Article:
LYNNWOOD, Wash. — The tow truck operator community gathered for a vigil in Lynnwood Thursday to remember the loss of one of their own.
Joe Masterson, 49, died after being struck by a semi-truck on I-5 in Milton Tuesday. Washington State Patrol troopers said Masterson was in the process of towing a vehicle on the freeway shoulder when the truck veered toward him and hit him.
"Somebody lost their life, as they were trying to help somebody else," WSP Trooper Robert Reyer told KING 5 on Tuesday.
The 65-year-old driver of the FedEx semi-truck was arrested on suspicion of DUI, but was later released until charges could be filed, according to Reyer, who said the crash investigation is ongoing.
John Lux, a tow truck operator of 15 years and owner of Shannon Towing Inc. in Lynnwood, said he knew Masterson, and wanted to help remember his life.
"When you're able to meet somebody and remember them, that's what kind of person Joe was. He would always help people out," Lux said.
Lux and other tow operators gathered at a parking lot in Lynwood to light up their trucks to show support of Masterson's life and work.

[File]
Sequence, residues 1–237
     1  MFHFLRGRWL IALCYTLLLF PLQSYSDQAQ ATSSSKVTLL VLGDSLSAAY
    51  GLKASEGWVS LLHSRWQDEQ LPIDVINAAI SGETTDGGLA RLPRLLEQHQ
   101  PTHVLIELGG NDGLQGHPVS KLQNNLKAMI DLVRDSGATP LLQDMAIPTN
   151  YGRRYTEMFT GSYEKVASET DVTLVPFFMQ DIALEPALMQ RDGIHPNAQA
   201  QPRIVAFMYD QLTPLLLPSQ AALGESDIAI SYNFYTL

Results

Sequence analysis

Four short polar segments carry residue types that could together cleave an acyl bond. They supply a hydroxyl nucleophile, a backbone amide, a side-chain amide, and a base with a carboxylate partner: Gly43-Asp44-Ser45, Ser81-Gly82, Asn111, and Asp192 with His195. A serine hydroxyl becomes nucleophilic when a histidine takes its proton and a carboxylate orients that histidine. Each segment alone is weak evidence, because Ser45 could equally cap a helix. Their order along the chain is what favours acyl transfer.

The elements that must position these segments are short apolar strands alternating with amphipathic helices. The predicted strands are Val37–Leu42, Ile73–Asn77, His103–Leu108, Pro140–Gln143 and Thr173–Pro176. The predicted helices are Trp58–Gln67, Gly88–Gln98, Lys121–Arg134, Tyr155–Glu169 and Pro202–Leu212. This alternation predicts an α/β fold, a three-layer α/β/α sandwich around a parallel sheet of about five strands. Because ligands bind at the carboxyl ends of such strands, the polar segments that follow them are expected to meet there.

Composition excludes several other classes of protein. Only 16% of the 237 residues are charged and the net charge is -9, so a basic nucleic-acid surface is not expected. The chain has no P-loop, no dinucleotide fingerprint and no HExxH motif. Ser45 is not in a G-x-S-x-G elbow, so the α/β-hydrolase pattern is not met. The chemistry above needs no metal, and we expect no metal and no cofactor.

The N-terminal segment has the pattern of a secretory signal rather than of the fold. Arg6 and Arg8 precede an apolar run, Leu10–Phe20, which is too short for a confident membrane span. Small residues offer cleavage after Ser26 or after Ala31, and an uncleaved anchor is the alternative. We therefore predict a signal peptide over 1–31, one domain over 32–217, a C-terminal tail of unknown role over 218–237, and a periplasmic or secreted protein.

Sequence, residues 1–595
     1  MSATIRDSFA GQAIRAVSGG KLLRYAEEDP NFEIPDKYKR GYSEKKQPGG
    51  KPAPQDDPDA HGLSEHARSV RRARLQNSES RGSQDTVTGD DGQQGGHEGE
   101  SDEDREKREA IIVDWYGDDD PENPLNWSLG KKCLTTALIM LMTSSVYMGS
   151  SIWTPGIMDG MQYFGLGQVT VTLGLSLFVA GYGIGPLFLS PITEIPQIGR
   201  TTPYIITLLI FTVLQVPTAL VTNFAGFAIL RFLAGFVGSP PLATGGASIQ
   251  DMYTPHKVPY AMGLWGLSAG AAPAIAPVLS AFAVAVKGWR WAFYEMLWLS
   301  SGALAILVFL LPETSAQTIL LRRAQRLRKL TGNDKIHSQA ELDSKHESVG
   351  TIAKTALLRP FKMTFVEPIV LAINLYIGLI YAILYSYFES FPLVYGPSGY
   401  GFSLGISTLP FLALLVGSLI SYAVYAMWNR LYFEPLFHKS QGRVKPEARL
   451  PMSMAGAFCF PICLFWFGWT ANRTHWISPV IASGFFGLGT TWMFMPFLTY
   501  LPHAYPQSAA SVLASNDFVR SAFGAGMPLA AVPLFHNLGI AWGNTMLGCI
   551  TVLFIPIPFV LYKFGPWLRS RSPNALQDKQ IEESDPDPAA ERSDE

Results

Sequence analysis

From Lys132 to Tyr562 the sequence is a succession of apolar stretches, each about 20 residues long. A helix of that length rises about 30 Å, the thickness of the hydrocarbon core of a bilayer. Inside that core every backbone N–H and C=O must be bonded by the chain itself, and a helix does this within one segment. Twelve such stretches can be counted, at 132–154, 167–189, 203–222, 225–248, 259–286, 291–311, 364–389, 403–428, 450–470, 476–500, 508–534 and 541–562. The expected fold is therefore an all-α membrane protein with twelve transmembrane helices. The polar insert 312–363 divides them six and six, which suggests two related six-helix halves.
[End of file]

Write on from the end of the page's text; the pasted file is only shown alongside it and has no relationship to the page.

Lux said he knows what it's like working on the road, describing it like being in front of a Nascar race.
"You're seeing these cars buzzing by, but you're really not seeing them. That's how it feels. It's an adrenaline rush. You're thinking about, what could happen?" Lux said.
In Washington, an existing "move over" law requires drivers to merge away from an emergency or work zone on a roadway and if drivers cannot merge, they must slow down.
The towing industry wants to take it a step further this year, to increase safety.
"We had two tow truck operators killed in the line of duty in Cowlitz County last year alone," Rep. Ed Orcutt (R-Kalama) said in a House Transportation Committee hearing earlier this month.
State lawmakers are hearing House Bill 1709, which would let tow truck operators use not only red lights but rear-facing blue lights to increase visibility when they are pulled over.
Lux said he supports the bill and added, Masterson's family is not alone.
"We have a very large community and family that support them. We're going to make sure we support them in every way they need," Lux said.